I am sure by now you have become more aware of a relatively new term in our lexicon… inflation. I am being facetious, but as long as you can remember inflation has been a non-issue. It has been benign and unimportant. For the last twenty years or so, inflation has ranged between one and two percent, barely noticeable. In fact you are probably more aware of deflation (or price declines) as the prices of most technological items have decreased over your lifetime.
This is the part where I go into “old man” character and say, “Back in my day…” Well, back in my day inflation became so high and prices increased so quickly that it was hard for the average family to keep up. Imagine a time when prices increased over ten percent per year. It was crazy and caused people to fall desperately behind. They were forced to prioritize which bills they were going to pay, because they couldn’t pay them all. You see, incomes stayed about the same and prices went up.
The latest figures on inflation are still well below that ten percent mark, but they are closer to ten than they are to zero, so it gets your attention. At first, everything seems manageable. Price increases are easily absorbed with our current income. We begin to rationalize that this too will pass. Perhaps it will. The Federal Reserve Chairman, Jerome Powell, assures us that inflation is transitory, brought on by the double whammy of a global pandemic and supply chain issues. He would urge you not to pay attention to the rising prices as they will soon come down. My own personal view is that inflation will be more permanent than he is prepared to admit. Maybe it won’t stay at 7% but it will likely settle in closer to 3-4% or more than double what it has been for the last twenty years. Don’t despair. This is roughly equivalent to the historical average of inflation over the last seventy years.
I am not so convinced that inflation is transitory, and as a planner and a realist, I have to consider the fact that he may be wrong. What if he is? What if inflation goes higher and stays elevated for some time? Great question. It is better to be prepared and have a plan than to get blindsided caught unawares.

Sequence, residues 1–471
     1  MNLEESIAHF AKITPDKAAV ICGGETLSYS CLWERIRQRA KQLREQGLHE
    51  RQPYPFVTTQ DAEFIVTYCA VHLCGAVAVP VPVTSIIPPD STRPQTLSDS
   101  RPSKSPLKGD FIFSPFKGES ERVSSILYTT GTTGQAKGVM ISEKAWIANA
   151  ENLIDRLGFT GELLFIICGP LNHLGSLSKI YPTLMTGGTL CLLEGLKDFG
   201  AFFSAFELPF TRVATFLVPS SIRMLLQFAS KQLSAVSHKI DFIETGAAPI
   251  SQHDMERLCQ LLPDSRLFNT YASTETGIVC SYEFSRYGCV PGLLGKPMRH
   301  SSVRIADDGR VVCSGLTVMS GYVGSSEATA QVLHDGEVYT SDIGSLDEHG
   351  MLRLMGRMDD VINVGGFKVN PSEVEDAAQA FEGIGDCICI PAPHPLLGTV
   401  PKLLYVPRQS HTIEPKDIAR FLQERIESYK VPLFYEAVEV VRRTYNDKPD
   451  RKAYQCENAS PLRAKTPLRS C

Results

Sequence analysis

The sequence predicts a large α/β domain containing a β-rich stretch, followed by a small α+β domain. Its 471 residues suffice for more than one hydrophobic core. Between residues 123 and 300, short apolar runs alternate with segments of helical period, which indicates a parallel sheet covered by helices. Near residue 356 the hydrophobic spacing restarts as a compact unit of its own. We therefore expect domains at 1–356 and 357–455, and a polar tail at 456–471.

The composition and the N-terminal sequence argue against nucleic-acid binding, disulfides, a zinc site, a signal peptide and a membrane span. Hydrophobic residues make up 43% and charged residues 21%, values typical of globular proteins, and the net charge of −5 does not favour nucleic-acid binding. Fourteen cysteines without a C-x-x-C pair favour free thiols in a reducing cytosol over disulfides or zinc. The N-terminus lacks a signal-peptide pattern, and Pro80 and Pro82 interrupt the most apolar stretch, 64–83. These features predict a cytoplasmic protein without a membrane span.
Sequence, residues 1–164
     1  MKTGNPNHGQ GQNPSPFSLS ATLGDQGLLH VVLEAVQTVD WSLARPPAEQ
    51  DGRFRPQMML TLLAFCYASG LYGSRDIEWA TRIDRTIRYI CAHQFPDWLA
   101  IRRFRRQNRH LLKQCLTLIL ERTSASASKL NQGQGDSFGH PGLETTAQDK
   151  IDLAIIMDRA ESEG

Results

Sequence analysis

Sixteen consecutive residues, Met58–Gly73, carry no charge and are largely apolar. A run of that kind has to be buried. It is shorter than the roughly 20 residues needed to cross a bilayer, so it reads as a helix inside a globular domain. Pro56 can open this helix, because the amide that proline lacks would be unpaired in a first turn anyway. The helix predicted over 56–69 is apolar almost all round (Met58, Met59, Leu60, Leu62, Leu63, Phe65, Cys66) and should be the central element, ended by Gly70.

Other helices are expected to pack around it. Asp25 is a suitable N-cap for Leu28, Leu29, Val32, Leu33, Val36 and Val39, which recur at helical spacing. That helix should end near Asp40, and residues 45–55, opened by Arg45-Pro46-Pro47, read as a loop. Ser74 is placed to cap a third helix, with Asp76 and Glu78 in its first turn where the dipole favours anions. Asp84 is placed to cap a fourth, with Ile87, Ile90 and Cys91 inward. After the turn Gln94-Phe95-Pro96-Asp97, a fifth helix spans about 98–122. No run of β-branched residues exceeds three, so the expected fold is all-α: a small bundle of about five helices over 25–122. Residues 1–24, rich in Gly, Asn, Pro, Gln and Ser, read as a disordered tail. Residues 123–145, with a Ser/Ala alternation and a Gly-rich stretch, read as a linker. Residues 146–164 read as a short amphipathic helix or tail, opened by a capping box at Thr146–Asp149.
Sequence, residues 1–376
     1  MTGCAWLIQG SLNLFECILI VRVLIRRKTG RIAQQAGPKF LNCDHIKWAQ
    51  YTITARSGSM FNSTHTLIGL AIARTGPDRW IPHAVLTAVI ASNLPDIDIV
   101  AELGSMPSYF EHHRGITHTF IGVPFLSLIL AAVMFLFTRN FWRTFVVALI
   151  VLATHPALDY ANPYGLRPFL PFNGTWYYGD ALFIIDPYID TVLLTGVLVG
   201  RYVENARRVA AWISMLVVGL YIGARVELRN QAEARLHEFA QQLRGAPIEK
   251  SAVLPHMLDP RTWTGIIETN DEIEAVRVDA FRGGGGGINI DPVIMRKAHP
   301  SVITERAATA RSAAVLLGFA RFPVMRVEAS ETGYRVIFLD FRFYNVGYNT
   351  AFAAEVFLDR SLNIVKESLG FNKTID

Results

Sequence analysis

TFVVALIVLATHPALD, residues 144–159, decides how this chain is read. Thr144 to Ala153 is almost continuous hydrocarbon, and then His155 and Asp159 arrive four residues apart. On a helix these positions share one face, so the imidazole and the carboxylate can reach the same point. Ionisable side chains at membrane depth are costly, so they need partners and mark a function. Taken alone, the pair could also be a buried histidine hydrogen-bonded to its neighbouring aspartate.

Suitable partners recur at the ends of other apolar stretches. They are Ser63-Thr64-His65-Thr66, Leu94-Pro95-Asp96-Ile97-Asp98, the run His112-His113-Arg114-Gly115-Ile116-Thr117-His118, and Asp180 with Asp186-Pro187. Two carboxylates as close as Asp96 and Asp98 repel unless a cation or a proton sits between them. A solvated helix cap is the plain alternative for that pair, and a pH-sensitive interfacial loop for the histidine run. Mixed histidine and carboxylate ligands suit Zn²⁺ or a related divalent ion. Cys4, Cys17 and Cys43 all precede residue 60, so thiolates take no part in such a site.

Let’s look at simple math. If you read my book (and I hope you have) you know that one of the lines that is oft repeated is “math wins.” Numbers don’t lie. You can’t spend more than you make (unless you are the federal government and then you can print money). Eventually the borrowing to meet your expensive taste catches up and with the interest rates increasing on the loans you simply can’t manage the cash flow. This is why people lose their homes, cars, boats and other various possessions.
Let’s assume that you are earning a hefty 1% on your savings (you are not, as it is more likely .05%) to keep the math simple. Even though inflation as of this writing is just under 8%, let’s just say it is 7%. If you are earning 1 and the price of everything that you need is going up at 7, you don’t need a PhD in mathematics to know that you are not keeping up. You are losing 6% purchasing power every year. At that rate the cost of living will double in 12 years. It’s just math, and it is unforgiving. I call this financial planning in reverse. In this example, I have underestimated the current inflation rate and overestimated the earning power on your savings, so in reality the cost of living would double in less than 12 years.
If you are young, you have the ability to increase your earning power by additional training and advancement in your career. If you plan on not doing that and coasting on what it is you are doing, you will soon be buried by the previous illustration. Stay relevant in your career. Look for opportunities to improve and increase your skill set. It is critical.
If you are already retired and living on a fixed income, now that’s an entirely different story. This is tragic and here the math is merciless. The pension, social security in interest income that you were used to may have been reasonable at the beginning of retirement, but you will have no way to keep up with the cost of living doubling every 12 years. I remember vividly meeting with a man in his nineties when I was just a fresh face and new at all of this. His house was paid for so he had no rent or mortgage payment, but he could not meet the rising health care expenses and pay for food. He told me, with great disappointment, “I had no idea that I was going to live this long.” I can tell you for a fact, that made an impression on this guy. I will never forget it.
As a younger person, you have a couple of ways in which you can confront the math on this equation. As I mentioned, you can increase your earning power by adding skills and consequently value to your employer and therefore get raises that are at least as valuable as the rate of inflation. The other factor that is on your side is time. You can invest in longer term investments which have historically outpaced inflation. If you can average 8-10% on your long-term investments and inflation is increasing at 6% you can stay ahead of it and still see some growth.
The reason for this blog is to introduce you to a term and more importantly a risk factor to which you may not have otherwise been paying attention. Keep your head up, pay attention, and make sure that you are not blindsided by this silent destroyer of wealth. You can do it.